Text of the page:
the public's clamoring for it, or are we really doing this because it's
reasonable or necessary for the protection of young people in the schools?
KATE STETZNER: Well, I'd answer by telling you that we have 16,000 school
districts in this country, and they are very, very safe. We have less
than 1 percent of homicide episodes taking place today. I would answer
by pleading with the media to help us and to become part of this whole
orchestration of looking at trusting feelings for one another. I would
say that what we need to do is say please bear with us and don't show
all of the fear factors that would be there for children to look at
frightening things that could happen in schools, but go towards what
we can do to make sure that we have caring and trusting and responsible
adults that work with children, and that we look at red flags and early
warning signs that would help children as opposed to putting devices
in school systems. So we make sure that we have a values system that's
clear with how adults value children.
ELIZABETH FARNSWORTH: So just briefly, Ms. Stetzner, would you say given
the fact schools are mostly pretty safe, there could be a big overreaction
KATE STETZNER: Well, I don't think it's an overreaction. Anytime something
has happened in the magnitude that happened there, we never can overreact.
But what we need to do is be very gentle with the way that we deal with
what's happening and make sure that we don't turn our schools into prisons
and make sure we ask all of these services that work with children,
from law enforcement to mental health services to medical professions,
to come in and join us and invite them into our schools to work with
us, to help resolve the problems together as opposed to leaving us out
there as an island.
ELIZABETH FARNSWORTH: Mr. Domenech, what kind of resources are you putting
in to teaching kids or helping kids treat each other better, the whole
question of the jock culture what was discussed in the piece?
DANIEL DOMENECH: We have a very successful peer mediation program, as
well as a number of violence courses in our schools, and some of our
schools have been recognized as models -- Annandale High School, for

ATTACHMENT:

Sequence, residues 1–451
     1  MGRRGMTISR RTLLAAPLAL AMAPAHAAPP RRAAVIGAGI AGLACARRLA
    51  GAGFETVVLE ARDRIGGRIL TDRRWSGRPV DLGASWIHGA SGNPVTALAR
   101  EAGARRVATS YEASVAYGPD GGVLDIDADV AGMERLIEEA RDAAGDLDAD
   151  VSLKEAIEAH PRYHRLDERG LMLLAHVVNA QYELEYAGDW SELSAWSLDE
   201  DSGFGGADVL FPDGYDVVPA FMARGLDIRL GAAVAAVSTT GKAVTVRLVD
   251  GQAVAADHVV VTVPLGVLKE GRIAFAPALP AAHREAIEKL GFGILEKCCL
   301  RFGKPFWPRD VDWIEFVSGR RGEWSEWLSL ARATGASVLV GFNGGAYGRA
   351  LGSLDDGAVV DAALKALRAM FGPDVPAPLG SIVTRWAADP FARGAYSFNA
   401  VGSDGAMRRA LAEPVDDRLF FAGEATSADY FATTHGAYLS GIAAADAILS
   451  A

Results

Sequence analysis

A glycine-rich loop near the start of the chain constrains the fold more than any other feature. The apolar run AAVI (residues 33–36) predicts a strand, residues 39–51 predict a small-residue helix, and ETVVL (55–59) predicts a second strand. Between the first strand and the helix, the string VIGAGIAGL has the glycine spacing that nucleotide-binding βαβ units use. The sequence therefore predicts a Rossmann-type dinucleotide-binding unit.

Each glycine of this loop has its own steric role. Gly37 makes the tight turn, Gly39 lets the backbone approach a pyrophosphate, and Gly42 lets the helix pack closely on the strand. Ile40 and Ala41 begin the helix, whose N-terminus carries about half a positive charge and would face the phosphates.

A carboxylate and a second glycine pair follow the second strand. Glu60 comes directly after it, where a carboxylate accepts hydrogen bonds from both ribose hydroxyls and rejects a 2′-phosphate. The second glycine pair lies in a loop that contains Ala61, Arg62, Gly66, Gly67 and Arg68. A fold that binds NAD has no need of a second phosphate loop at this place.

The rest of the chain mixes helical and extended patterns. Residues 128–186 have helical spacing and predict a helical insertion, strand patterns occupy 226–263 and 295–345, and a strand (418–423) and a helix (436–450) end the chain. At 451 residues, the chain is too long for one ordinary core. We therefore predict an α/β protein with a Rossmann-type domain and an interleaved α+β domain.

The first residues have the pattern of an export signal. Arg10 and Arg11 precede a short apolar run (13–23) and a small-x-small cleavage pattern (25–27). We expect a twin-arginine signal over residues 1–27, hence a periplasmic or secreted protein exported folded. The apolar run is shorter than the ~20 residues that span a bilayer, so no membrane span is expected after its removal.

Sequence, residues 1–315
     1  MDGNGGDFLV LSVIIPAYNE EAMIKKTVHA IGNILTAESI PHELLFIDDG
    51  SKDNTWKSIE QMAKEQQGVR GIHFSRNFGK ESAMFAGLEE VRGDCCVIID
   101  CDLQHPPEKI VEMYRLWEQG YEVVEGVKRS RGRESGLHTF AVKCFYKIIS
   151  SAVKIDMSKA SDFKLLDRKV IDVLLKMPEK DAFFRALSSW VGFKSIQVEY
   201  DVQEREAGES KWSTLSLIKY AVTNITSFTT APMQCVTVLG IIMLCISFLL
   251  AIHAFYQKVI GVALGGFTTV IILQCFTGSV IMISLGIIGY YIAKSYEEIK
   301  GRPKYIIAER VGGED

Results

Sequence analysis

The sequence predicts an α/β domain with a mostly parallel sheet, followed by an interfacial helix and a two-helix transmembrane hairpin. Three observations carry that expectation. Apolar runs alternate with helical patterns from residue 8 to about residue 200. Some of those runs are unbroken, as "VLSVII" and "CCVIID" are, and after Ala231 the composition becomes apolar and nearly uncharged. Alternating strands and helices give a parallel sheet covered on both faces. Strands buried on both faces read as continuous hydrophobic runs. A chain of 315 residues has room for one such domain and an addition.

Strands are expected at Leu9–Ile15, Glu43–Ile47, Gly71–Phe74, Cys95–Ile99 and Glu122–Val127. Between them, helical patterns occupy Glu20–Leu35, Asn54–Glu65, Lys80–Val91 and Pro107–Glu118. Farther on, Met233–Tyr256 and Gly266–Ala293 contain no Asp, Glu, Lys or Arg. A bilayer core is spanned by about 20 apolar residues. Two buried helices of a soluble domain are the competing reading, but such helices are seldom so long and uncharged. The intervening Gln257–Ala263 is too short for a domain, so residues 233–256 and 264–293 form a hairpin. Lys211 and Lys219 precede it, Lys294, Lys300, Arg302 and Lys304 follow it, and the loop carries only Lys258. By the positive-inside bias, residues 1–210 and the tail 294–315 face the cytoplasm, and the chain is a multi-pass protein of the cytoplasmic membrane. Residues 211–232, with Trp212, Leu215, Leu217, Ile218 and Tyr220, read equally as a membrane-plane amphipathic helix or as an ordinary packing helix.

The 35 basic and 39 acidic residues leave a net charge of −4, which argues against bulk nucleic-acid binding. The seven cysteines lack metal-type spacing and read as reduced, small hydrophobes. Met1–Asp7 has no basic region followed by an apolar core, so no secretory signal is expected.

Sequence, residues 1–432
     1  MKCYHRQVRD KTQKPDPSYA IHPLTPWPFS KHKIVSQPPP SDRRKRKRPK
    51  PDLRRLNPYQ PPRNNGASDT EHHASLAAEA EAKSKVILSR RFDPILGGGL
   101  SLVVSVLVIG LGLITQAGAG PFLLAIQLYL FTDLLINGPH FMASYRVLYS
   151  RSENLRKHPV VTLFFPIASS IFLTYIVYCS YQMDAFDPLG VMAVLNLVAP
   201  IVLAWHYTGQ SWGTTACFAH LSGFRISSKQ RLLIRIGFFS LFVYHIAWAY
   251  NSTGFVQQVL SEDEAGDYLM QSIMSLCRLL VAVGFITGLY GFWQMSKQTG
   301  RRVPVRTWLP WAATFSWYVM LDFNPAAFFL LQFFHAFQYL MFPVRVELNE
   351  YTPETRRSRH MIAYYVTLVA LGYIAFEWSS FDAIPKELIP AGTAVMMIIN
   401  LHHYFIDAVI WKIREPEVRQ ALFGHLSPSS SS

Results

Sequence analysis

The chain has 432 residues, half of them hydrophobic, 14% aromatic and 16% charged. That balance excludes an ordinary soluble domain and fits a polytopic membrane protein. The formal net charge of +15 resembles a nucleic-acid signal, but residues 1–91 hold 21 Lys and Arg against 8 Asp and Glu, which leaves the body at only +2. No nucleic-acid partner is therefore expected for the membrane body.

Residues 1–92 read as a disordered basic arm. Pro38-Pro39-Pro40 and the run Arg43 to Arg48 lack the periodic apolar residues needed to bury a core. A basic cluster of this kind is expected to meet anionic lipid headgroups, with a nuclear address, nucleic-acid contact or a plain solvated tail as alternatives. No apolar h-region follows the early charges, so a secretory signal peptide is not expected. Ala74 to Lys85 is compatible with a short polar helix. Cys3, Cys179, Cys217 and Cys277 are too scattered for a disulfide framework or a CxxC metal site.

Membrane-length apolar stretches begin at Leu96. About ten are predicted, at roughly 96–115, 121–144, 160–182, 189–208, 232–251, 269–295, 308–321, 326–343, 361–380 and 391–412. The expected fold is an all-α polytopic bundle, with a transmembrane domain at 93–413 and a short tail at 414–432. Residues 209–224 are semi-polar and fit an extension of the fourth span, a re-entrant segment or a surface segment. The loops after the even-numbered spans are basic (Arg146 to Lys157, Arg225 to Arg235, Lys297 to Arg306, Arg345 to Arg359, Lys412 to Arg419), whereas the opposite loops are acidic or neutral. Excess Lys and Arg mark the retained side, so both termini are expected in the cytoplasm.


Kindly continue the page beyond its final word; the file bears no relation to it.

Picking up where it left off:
example, right here has been visited by the President several times
in terms of their diversity in mediation programs. And that, we feel,
is critical and important, because we're also talking about changing
the behavior of our students in terms of the kinds of activities that
they resort to.
ELIZABETH FARNSWORTH: But have you put more resources into that?
DANIEL DOMENECH: Yes, we have. One of the things that made our guidance
counselors very happy is that in this year's budget we put additional
monies in there to free up the guidance counselors from their clerical
duties, so that they have more time to spend with the students in terms
of guidance and counseling activities.
ELIZABETH FARNSWORTH: Rod Paige, what about in Houston, have you also
put more resources into programs that would help kids get along better?
ROD PAIGE: Absolutely. We have a highly effective character education
program. We have peer mediation programs and our counselors are trained
in this aspect of schooling. It's a comprehensive program.
ELIZABETH FARNSWORTH: And David Hornbeck, in Philadelphia?
DAVID HORNBECK: Peer mediation, conflict resolution, and one of the
things that we've begun to put a lot of effort into that I think will
pay off in this way is a lot of emphasis on student service learning,
community service, 15,000 kids in it this year, next year it becomes
a promotion and graduation requirement in elementary school, in middle
school, and in high school. And we think that's going to help change
the relationship between kids and kids, and frankly, between kids and
community as well, because people out in the community will begin to
see the youngsters differently and I think create a different atmosphere
for them to live in.
ELIZABETH FARNSWORTH: Well, thank you all four very much.